Seven Things You Should Know as a Freshman


Sophie Feinberg

Seniors Jean Valverde, Steven Teranciel, Claire Shillington, Camila Lupi and Ali Band think back on their early high school years.

Sophie Feinberg, Editor

Graduates often look back at their high school years as some of their best. However, many people have regrets or wish they had learned something before it was too late. These tips will help guide you through the next four years of growth, learning and discovery.

1. Take risks!

Starting school in a new place can be scary and overwhelming, especially in a school as expansive as Gables. Freshmen are often hesitant to join a club or sport because they fear commitment. However, joining an extracurricular can help you find a group of friends with similar interests.

“At the start of my high school experience, I didn’t really love Gables until I actually started getting involved in activities around school…Each year I got more involved and now I can say that I have established leadership positions that are really fun because I stuck with them,” senior Claire Shillington said.

Colleges often look for quality rather than quantity when considering your participation in school activities. Being a part of a club or sport from the beginning will give you a better chance of being on the board or becoming the captain. It will also give you the opportunity to grow as a club member or athlete.

2. Grades don’t define you!

To many students, one bad grade is devastating. Know that you are more than a letter grade. This does not mean to disregard your academic performance, but you should realize that you are human and can make mistakes. One low grade will not ruin your reputation or grade point average (GPA).

3. Limit stress!

Unfortunately, stress and school seem to share a close bond. Learn that stressing about school won’t make it any better. Though it may be hard at times, take a step back and relax. The assignment or test grade that matters to you so much today won’t matter five years from now. Set a time each day to unwind; read a book, watch some TV, or do some yoga to relax. You may even work better and more efficiently after you’ve had the chance to recuperate.

4. Sleep!

A good night’s sleep is important for health and school performance; ironically, many students sacrifice sleep for schoolwork. While it may seem important to finish that assignment or spend an extra hour studying, waking up and studying the next day might be better. Once you’re sleepy, you don’t think straight and the things you’re trying desperately to learn for your test are less likely to stick in your brain.

While a few late nights may be necessary, learn not to make a habit of staying up past midnight. Teens should be getting at least eight to nine hours of sleep. While that may seem impossible, try your best to get more than five hours of sleep each night, even if that means sacrificing a homework grade.

5. Balance is key!

Sleep deprivation and stress can be lessened by learning to balance your time. While school is important, it is also important not to let it consume you. By balancing your workload and working on time management, you should have time for enjoyment and relaxation. High school is about making memories. Go to Homecoming, football games and spend time with your friends. Balance school and fun.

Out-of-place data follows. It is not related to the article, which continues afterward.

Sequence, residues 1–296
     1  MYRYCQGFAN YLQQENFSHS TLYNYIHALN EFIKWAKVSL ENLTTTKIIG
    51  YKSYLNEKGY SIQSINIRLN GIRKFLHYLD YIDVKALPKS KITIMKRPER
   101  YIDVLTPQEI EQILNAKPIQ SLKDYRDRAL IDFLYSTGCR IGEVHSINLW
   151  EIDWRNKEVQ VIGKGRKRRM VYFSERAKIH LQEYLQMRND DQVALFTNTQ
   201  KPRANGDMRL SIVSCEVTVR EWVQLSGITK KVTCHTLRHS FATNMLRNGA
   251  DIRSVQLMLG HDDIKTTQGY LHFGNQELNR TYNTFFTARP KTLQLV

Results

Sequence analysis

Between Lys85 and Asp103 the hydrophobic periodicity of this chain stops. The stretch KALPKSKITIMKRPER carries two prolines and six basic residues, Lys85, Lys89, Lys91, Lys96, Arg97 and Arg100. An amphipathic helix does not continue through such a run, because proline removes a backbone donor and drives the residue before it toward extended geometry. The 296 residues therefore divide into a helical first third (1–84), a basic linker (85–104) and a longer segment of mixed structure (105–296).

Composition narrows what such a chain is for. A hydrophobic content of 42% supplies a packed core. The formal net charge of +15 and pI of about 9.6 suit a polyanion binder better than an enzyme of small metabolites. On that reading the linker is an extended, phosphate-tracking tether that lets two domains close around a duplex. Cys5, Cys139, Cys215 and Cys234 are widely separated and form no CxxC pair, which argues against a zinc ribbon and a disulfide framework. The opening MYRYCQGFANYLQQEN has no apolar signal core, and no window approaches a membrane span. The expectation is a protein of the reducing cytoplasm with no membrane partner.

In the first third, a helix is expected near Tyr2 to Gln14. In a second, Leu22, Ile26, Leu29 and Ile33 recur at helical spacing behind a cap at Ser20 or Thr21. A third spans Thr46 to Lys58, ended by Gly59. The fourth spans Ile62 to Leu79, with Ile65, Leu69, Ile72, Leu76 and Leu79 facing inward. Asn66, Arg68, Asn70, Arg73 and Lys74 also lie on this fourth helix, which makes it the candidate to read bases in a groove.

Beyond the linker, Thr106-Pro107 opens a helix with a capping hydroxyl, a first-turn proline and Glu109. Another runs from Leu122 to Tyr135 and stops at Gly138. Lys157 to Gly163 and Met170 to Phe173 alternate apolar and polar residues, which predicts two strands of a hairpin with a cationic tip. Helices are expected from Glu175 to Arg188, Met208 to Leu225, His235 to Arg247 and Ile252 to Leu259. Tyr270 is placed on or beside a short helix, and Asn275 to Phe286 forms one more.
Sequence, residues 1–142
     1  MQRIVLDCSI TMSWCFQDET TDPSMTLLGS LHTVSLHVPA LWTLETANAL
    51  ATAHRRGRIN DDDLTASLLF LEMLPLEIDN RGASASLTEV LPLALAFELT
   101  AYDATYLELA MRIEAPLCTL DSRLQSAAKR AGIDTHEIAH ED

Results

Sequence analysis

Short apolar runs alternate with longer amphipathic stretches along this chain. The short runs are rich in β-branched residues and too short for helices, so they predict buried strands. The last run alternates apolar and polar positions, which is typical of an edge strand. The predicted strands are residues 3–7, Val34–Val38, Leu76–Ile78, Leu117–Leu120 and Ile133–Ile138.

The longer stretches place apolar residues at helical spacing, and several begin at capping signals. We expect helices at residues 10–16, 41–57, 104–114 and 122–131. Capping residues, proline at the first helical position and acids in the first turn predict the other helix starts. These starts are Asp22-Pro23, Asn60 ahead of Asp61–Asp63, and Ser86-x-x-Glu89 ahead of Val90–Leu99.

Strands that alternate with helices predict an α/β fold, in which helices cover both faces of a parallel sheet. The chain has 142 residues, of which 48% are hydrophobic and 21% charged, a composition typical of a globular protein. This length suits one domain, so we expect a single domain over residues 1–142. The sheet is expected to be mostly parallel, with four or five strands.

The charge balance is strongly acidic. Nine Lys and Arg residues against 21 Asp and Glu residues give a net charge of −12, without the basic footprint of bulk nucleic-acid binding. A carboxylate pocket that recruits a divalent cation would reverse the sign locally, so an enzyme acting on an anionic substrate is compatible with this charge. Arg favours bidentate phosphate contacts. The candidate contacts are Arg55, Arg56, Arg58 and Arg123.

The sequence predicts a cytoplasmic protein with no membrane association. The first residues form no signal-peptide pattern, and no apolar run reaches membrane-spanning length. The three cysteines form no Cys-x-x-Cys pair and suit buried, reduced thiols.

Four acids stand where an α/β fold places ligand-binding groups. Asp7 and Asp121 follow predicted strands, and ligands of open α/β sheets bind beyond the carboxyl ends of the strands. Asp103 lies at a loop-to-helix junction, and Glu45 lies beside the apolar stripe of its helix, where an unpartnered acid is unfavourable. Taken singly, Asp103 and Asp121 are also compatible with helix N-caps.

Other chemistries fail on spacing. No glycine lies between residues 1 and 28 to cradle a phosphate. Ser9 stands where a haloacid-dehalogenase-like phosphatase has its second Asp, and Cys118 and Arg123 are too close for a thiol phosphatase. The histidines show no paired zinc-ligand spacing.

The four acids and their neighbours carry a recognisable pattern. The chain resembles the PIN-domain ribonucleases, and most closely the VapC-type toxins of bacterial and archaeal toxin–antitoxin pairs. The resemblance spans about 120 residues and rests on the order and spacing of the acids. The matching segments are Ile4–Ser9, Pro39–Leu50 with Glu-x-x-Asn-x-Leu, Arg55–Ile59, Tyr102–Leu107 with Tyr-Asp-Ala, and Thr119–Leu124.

6. Plan, plan, plan!

Procrastination is a problem for all students. Invest in an agenda where you can write down your assignments, deadlines and other commitments. Work on big assignments for 20 minutes each day rather than letting it all pile up to the night before the deadline. It is easy to forget to do things, so write everything down and make lists of what you need to do each day.

Also keep track of your community service hours; plan when you are volunteering and when you will turn the hours in. Keep standardized testing as well as college scholarships and applications in mind. Start thinking about what you would like to take up as a career and be aware of the tedious steps required to achieve your goals.

“It is crucial that students begin planning for college as soon as they get to high school…Even in 9th grade, grades are critical. Students should also plan what courses they will take throughout high school and challenge themselves with higher level classes…Also, students and parents need to plan financially for college,” College Assistance Program (CAP) Adviser Mrs. Stack said.

7. Be yourself!

One of the most crucial things to remember is to be yourself. Be your own person in high school rather than doing what everyone else is. Instead of joining a club or selecting a class because your friend is, choose an option that fits your passions. If you spend your years in high school doing things only because your friends do, you may regret missing out on something you would have loved doing. High school is about growing into the person you want to be. Staying true to yourself and to your beliefs is a good way to enjoy your time in high school without regrets.

These are the seven things freshmen should know. High school will have its ups and its downs. You will laugh, cry, be angry, sad, aggravated and much more, but these years will be the years you remember most. Though many things seem so important now, years later, they won’t be. What is important is how you felt and how fondly you look back at your memories. Hopefully, these seven tips will help make your high school years some of the best you will ever have.